Great post. My first child that I adopted I got at one week old and adopted at 2 1/2. He will be 5 in December. He's a joy and a sweetheart and is also extremely strong-willed and sometimes very challenging to parent.

My second adopted child came to me at 10. We barely hung on though some extremely difficult, violent, destructive times but she was adopted this summer at 13 and is doing amazingly well considering all we went through.

My third (almost) adopted child came to me right before turning 15 with her one year old son. I remember telling the social worker that I liked her very much but I thought her needs and issues were a bit over my head otherwise I would keep her long term. She is now 17 (18 in April) and a senior in HS and preparing for college next year. We will be finalizing her adoption in the next month or so and I am "granny" to her now 3 year old son. She's the easiest, most cooperative of the bunch.

I still look at teens on photolistings and think that would be soooooo hard and they most be so hard to place, but my experience adopting teens has been positive despite the challenges.

flacius1551 said...

Sorry to be a pain. I just think that the definition of tough varies so wildly and it is hard for us to understand where the boundary between tough and impossible is in others. For instance, what you do every morning with early rising would not just be tough for me, it would be impossible. I am pretty sure I could do that unless someone held a gun to my head and maybe even not then. I would never (and this is key for adoptions) do it voluntarily, even if it were the key to something else that I particularly valued. It is just not on the table. I think older child adoption is like that for some people, and that's fine. My suspicion is that indeed most people are interested in it are already not worried about "tough."

linette said...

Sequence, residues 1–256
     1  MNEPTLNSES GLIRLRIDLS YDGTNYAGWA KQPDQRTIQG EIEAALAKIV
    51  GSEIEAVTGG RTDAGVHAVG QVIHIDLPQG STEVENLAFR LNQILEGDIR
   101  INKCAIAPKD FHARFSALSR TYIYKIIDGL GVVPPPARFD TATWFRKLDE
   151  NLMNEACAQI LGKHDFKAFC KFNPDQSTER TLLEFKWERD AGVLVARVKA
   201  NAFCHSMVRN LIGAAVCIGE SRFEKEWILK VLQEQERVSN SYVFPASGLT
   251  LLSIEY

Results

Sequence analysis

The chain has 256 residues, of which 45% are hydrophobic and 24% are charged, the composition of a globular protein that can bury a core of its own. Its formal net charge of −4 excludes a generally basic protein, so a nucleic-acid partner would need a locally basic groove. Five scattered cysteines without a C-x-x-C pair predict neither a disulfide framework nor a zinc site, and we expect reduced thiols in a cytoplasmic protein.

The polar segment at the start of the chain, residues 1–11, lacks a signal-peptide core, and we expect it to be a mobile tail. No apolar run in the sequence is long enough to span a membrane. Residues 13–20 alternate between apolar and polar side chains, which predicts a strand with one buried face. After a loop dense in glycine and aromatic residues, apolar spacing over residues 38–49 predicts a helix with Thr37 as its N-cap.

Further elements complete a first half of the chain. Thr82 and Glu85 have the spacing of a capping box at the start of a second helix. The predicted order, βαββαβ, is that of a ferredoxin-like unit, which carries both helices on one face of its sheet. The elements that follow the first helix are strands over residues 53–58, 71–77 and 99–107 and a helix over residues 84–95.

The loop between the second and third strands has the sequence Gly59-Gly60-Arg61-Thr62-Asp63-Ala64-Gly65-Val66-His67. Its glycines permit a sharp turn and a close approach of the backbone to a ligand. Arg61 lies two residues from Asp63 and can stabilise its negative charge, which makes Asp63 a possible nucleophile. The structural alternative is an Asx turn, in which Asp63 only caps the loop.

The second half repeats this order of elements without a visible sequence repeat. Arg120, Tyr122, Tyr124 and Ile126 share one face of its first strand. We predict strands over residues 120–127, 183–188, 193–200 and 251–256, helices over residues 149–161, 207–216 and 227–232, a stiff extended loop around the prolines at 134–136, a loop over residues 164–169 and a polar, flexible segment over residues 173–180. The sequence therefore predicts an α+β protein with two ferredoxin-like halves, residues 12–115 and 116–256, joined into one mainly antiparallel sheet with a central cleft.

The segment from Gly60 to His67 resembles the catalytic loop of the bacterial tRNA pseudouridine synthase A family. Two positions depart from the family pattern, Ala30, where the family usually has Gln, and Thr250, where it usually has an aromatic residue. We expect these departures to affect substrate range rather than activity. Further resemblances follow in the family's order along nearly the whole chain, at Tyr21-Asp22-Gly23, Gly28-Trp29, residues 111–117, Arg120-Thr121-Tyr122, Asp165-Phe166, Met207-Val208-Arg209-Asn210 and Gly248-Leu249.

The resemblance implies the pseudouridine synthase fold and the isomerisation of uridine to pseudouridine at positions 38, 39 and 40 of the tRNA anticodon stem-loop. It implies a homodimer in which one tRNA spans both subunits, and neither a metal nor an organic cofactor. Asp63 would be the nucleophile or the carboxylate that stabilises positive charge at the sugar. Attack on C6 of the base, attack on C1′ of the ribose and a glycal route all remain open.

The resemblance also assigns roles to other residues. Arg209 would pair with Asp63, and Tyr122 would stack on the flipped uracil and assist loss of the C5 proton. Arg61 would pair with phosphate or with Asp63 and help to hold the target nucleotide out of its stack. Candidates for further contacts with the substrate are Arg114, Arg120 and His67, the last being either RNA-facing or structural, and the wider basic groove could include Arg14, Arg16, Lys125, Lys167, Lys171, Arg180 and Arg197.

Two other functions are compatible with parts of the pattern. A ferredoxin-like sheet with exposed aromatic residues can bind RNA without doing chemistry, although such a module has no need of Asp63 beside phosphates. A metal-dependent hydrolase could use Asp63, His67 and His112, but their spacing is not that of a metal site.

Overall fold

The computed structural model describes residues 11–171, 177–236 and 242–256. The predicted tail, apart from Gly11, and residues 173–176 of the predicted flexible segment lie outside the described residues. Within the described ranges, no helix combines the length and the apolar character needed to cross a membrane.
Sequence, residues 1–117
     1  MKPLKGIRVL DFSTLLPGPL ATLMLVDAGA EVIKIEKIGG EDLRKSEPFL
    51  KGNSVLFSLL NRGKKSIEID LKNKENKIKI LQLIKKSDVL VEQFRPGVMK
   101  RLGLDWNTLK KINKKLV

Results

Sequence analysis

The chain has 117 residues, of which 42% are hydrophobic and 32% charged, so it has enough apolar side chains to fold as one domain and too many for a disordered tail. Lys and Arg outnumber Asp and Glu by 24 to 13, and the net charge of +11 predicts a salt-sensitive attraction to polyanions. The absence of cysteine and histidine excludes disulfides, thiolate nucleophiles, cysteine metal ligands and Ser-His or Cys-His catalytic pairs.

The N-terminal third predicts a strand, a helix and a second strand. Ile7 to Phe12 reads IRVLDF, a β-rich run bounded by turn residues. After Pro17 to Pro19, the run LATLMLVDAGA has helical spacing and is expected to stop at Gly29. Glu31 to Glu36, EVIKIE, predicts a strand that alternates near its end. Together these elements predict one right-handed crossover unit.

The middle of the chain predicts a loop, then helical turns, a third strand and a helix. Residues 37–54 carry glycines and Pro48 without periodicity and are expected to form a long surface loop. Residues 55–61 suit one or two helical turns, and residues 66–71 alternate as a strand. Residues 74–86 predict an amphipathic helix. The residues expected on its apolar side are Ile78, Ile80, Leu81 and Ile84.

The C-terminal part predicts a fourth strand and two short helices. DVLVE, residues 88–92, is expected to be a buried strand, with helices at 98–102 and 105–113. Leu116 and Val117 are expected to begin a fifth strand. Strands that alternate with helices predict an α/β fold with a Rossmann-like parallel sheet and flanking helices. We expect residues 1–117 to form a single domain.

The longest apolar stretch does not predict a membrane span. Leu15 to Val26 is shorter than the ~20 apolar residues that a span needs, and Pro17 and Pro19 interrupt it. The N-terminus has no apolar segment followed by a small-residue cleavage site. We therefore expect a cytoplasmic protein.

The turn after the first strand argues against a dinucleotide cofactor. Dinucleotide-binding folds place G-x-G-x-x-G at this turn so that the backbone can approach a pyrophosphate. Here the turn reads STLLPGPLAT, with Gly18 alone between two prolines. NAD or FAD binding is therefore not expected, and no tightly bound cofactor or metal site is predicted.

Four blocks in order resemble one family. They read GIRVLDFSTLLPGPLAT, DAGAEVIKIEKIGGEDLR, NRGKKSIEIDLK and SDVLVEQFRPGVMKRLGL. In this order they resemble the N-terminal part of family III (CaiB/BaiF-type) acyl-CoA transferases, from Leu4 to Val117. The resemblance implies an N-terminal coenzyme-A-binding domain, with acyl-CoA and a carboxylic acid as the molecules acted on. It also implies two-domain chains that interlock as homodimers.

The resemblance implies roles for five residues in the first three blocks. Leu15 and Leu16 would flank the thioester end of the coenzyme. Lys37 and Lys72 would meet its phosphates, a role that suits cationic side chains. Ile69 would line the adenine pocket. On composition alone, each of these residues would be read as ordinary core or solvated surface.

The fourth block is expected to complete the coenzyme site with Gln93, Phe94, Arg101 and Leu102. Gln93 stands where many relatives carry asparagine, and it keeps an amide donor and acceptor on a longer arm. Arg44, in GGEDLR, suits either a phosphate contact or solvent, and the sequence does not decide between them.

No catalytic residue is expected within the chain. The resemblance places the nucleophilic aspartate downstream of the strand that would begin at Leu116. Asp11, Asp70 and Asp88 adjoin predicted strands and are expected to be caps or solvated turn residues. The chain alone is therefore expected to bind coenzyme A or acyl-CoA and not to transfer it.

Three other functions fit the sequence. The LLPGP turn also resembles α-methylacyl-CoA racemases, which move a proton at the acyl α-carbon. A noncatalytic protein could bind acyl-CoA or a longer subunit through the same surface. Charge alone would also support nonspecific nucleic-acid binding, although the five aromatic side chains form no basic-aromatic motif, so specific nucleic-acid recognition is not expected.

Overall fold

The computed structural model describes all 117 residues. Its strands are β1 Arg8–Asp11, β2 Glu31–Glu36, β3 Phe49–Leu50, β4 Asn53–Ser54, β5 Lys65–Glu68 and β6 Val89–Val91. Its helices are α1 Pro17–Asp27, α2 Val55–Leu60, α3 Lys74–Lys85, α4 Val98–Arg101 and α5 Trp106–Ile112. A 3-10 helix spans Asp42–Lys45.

I think people should adopt because they believe God has called them to adopt. I think that when people adopt they become whole people themselves and not look to the child to "complete them". I also think that in the example of closed adoptions it is important to remember that it is a Triad relationship. Then bio parent makes a choice the birth parent makes a choice but often times the child has no choice--especially in the case of an infant. I think that it is the responsibility of the adoptive parents, the birth parents and the courts to put a process in place that will allow the adopted child to reconnect with his or her biological family when they become adults or if they need medical information. As a child who was adopted in infancy, I have many questions and no answers. My adoptive mother feels very threatened by my need/desire to search. And I talked to a birth mother who said that she signed that papers and she thought she would never be contacted again and then she was found and she was not happy about the upset it caused in her current. Family. I am a big believer in consequences for actions. The word has a negative connotation but sometime consequences can be good. I find it very unrealistic that a woman can give birth to a child and then truly expect that the child will NEVER EVER resurface. The adopted child has a right to know who they are and where they come from. It does make a difference.